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Welcome to woodakoodashooda.com
The work of Tony Erickson

All pieces are hand carved origionals by Tony and although similarities
may occur are not produced using pictures or patterns.

If you are interested in linking to woodakoodashooda.com please contact us at anton@woodakoodashooda.com.

 Please visit the online store for all your carving needs

Thanks for visiting
woodakoodashooda© and woodakoodashooda.com©
are Copyrights 2004 of Anton Erickson



'One who works with his hands is a Laborer.
One who works with his hands and head is a Craftsman.
One who works with his hands, his head and his heart is an Artist.'

"Wars are poor chisels for carving out peaceful tomorrows"  Martin Luther King, Jr

 "Do not meddle in the affairs of Dragons, for thou art crunchy and taste good with ketchup"

 "Only when the last tree has withered, and the last fish caught, and the
last river been poisoned, will we realize we cannot eat money." Cree Proverb
 'Life isn't like a bowl
of cherries or peaches, it's more like a jar of Jalapenos--what you
do today, might burn your ass tomorrow......'

So whats that got to do with the following? Nothing. I just like the quotes.

When I was around eight years old on a sunny day in New Boston, New Hampshire my father and I were sitting on the back door stairs and he was whittling out a little horse from a pine branch. After he finished he handed me a piece of pine and suggested that I copy what he did. So I whittled away and with a few suggestions from him I finally produced something that looked like a little horse. More like a dog. I handed him the horse, folded the knife and also handed that back to him. He inspected my work, smiled, handed it back to me and also handed back the knife and said, "Its yours now." That was my first knife. Somewhere along the way it got misplaced along with whittling or treecarving as my swedish relatives called it. I think its kind of funny that in all those years I never heard the phrase scandanavian flat plane carving until 2003. A cousin living in Sweden says its still treecarving over there and that flat plane is an american term. Now ain't that something to wonder about. Then in the late 70's or early 80's a little old man came to my marble and granite shop in San Bruno, California. We talked about stone carving and woodcarving and art on his visits. He turned out to be an artist who displayed at Maxwell's Gallery in San Francisco. He also turned out to be a famous woodcarver which I, again, found out in 2003 or so. So all that peaked my interest in treecarving and brought back some old memories. My first carving from that point was a turtle on a rock. Its head was a little out of proportion but really not to bad at all. My wife sat on it so I never got to show it to anyone but my sister and she thought it was cool. The turtle that is, not sitting on it. I then saw a Mexican friend with a flat Mirachi Band type hat and carved out a caricature I called Jose. Over a year later my third piece became a fat little elf. I never had any problems with design or layout probably due to my past in architecture and stone and no problems with sharpening or knife strokes. Cut myself though. More than once too.  At that point in time I had tried chip carving, caricature, sculpture, any type of carving, carving carving and carving. All using a pattern or book. Patterns were not fun nor very interesting for me and I struggled through them. The carvings turned out okay but in a short amount of time I lost my interest in wood carving. I quit. I thought.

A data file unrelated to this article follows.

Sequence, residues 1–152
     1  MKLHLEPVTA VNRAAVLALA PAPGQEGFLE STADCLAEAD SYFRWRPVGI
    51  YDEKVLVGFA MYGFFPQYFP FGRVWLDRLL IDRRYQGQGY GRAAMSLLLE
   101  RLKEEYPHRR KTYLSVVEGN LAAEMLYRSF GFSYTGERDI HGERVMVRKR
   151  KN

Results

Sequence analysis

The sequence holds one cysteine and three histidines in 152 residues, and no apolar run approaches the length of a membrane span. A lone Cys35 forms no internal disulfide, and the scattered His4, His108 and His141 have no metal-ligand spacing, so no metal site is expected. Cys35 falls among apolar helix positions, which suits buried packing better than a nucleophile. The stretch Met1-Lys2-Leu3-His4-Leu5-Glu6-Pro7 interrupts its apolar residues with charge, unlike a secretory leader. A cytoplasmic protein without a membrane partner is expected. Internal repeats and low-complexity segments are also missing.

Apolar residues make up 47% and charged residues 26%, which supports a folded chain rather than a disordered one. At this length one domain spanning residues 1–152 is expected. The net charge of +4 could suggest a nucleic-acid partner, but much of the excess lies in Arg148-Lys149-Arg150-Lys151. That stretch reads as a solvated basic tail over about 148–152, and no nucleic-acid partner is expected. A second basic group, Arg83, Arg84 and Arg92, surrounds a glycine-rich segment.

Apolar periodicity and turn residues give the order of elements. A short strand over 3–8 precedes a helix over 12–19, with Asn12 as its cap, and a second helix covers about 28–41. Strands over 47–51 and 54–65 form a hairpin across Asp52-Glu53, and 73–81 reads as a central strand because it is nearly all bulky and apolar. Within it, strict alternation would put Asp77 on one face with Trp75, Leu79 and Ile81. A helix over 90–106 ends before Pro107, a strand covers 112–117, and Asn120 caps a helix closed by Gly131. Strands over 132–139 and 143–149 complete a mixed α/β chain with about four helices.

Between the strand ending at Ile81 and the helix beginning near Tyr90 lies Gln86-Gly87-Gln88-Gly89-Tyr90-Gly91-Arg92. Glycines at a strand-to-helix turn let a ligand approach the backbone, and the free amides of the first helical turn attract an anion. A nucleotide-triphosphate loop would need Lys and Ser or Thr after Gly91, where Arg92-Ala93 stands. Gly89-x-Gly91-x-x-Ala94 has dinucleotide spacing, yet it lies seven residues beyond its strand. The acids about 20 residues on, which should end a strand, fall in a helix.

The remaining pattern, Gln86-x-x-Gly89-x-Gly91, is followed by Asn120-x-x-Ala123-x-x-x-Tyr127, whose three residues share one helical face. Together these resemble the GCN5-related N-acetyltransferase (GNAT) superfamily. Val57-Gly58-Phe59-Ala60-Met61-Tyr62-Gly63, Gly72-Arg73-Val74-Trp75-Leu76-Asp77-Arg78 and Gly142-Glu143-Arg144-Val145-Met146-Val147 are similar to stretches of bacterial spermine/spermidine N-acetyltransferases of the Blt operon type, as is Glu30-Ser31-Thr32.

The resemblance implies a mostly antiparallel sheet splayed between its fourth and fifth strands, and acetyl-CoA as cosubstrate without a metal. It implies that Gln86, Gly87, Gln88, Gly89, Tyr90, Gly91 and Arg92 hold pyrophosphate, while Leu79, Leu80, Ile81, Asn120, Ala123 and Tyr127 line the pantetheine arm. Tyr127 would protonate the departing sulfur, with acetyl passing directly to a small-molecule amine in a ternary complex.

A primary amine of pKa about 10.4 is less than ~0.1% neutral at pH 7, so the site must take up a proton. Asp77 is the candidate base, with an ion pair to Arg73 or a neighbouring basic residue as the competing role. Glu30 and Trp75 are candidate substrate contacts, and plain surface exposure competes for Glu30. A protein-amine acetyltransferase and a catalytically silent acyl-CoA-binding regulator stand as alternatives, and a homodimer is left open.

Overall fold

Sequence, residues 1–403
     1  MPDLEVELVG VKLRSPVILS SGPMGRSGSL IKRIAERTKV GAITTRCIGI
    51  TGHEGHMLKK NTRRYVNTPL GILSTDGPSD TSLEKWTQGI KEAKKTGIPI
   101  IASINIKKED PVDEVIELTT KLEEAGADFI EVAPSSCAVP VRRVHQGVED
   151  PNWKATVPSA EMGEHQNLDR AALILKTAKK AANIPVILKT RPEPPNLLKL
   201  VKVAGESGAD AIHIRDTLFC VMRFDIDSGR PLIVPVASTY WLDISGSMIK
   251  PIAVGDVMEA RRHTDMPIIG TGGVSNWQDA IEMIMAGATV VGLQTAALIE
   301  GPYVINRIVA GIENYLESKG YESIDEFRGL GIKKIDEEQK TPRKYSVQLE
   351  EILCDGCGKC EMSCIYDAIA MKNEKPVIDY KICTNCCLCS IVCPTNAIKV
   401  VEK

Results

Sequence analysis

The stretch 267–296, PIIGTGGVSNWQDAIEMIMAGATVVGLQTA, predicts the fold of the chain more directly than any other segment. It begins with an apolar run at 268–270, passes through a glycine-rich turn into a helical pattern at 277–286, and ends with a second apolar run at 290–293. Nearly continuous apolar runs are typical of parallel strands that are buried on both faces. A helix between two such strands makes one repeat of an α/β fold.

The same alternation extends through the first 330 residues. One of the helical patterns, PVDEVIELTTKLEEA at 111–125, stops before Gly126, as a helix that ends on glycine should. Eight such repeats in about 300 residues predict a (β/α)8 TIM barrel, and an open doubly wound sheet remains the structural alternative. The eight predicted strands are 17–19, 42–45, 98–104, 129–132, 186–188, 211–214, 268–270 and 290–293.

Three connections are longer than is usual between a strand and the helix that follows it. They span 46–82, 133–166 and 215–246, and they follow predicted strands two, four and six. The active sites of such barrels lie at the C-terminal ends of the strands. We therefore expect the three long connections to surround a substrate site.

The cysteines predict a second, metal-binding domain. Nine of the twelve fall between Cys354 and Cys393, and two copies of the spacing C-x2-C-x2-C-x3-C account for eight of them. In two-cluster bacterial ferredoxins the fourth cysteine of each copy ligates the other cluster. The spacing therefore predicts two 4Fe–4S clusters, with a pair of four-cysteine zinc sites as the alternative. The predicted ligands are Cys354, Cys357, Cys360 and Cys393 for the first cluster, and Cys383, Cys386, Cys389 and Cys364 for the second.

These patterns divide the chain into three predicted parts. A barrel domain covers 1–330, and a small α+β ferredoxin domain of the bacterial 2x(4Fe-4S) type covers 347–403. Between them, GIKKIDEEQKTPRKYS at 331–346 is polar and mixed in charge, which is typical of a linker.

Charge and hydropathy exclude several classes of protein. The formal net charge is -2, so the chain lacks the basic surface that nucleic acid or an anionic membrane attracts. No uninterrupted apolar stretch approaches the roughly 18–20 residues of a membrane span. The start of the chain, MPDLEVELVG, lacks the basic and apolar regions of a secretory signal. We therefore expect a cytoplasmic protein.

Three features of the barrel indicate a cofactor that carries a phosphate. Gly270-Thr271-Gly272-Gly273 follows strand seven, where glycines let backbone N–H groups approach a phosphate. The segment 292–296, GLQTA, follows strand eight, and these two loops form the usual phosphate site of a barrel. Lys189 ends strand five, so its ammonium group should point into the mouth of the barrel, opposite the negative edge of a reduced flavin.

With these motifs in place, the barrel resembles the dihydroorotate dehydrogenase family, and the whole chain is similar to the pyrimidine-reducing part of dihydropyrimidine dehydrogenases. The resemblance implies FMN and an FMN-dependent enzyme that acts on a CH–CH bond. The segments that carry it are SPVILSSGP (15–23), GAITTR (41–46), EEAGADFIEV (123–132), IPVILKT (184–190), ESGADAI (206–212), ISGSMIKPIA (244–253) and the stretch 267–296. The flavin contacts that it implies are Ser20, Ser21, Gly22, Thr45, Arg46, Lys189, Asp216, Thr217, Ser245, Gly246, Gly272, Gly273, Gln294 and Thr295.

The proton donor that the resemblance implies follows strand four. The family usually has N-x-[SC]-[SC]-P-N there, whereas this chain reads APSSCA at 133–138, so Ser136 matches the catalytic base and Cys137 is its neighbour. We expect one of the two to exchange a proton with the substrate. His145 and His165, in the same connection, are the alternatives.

So some time 2001 my wife and I were at the North Rim of the Grand Canyon and while cruising down the road in her BBB, bright blue beetle, I saw a small piece of Ponderosa Pine, small being about two feet long, by the side of the road. We pulled over, backed up and and tossed it into the hatchback. Been doing that ever since. Somewhere in Utah a piece I call Woody, cause it unintentionally ended up looking like the Toy Story character, was created using a 6"  Bowie knife. Challenging that piece in that way was fun. That started me on using found wood like bark and pine sticks. Junk wood and rejected pieces of wood. Piano legs and stuff nobody else wanted. No books, no patterns, no pictures.

Since then I have strived to make each piece I do an original and do not use patterns or pictures. I cannot say that I do not read or see things that influence me because we all do that. There's nothing new under the sun, they say. I suppose someday I'll just run out of ideas or kids and folks asking me to show them how I did this or that, or I'll get the shakes or something or other. At that point in time I guess I'll just frame up my favorite knife and hang it on the wall.
Anton Erickson, Tony, AJ, was born in New Boston, New Hampshire and attended The Boston School of Architecture and later, Foundation College for Graphic Arts in San Diego, CA. After over twenty years of architectural practice in New Hampshire, he then moved on to Oregon and then California where he was the founder and owner of a major marble and granite company. Today Mr. Erickson resides in Seneca, SC with his wife of over fifty years, Lucille.


The Work of Tony Erickson